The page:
The requirement that an "investigation or prosecution of that person or matter by a United States Attorney's Office or litigating Division of the Department of Justice would present a conflict of interest for the Department," is met by the fact that then White House counsel Gonzales, numerous Justice Department and Defense Department officials, along with Vice President Cheney's counsel and top officials of the CIA reportedly were intimately involved with the formulation of one or another of an array of policies withdrawing protections against torture or abuse of prisoners. Gonzales and Justice Department attorneys cannot fully and fairly investigate a matter in which he and other high-level Administration officials will necessarily at least be subject to questioning.

Finally, the requirement that "Under the circumstances it would be in the public interest to appoint an outside Special Counsel to assume responsibility for the matter," is met. The images of the abuses at Abu Ghraib are still etched in the national memory, and despite oversight hearings, inquiries from members of Congress, and litigation under the Freedom of Information Act, the American public still does not have a complete picture on the extent and causes of torture and abuse.

"It is time for the Senate to demand accountability and responsibility," Anders added. "A small number of enlisted men and women in the military and a few low-ranking military officers should not be the only individuals held responsible for the torture and abuse that repulsed all Americans, if civilians were also engaged in criminal conduct. The American people deserve to know the truth, and justice must be served."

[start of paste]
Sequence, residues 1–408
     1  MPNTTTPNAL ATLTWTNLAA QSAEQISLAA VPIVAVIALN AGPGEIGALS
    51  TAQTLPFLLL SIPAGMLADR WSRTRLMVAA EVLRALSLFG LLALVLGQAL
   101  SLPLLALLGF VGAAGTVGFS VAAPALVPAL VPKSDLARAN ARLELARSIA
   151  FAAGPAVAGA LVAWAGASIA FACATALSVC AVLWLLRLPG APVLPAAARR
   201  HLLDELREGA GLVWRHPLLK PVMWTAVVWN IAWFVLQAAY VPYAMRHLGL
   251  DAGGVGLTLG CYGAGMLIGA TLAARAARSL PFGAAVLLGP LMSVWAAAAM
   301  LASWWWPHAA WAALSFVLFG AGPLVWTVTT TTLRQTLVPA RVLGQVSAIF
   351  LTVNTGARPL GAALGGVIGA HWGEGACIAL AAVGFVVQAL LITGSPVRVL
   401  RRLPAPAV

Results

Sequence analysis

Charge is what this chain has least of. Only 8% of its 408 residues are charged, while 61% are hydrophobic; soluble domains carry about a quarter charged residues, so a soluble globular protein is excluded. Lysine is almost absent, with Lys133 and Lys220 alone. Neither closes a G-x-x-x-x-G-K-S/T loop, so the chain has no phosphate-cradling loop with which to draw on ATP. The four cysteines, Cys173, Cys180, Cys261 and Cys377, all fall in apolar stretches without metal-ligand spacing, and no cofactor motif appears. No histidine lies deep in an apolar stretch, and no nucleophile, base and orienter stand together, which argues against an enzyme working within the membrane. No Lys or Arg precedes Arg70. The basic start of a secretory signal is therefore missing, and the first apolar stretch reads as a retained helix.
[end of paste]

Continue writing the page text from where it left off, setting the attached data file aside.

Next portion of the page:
The ACLU's letter to the Senate can be read at:

The ACLU's report on Gonzales's civil rights and civil liberties record is available at:

Information about the ACLU's Freedom on Information Act lawsuit on the torture documents is at:


January 30, 2005
The Doctrine That Never Died

SURELY some bright bulb from the Council on Foreign Relations in New York or the Woodrow Wilson School of Public and International Affairs at Princeton has already remarked that President Bush's inaugural address 10 days ago is the fourth corollary to the Monroe Doctrine. No? So many savants and not one peep out of the lot of them? Really?

The president had barely warmed up: "There is only one force of history that can break the reign of hatred and resentment, and expose the pretensions of tyrants ... and that is the force of human freedom.... The survival of liberty in our land increasingly depends on the success of liberty in other lands. ... America's vital interests and our deepest beliefs are now one..." when - bango! - I flashed back 100 years and 47 days on the dot to another president. George W. Bush was speaking, but the voice echoing inside my skull - a high-pitched voice, an odd voice, coming from such a great big hairy bear of a man - was that of the president who dusted off Monroe's idea and dragged it into the 20th century.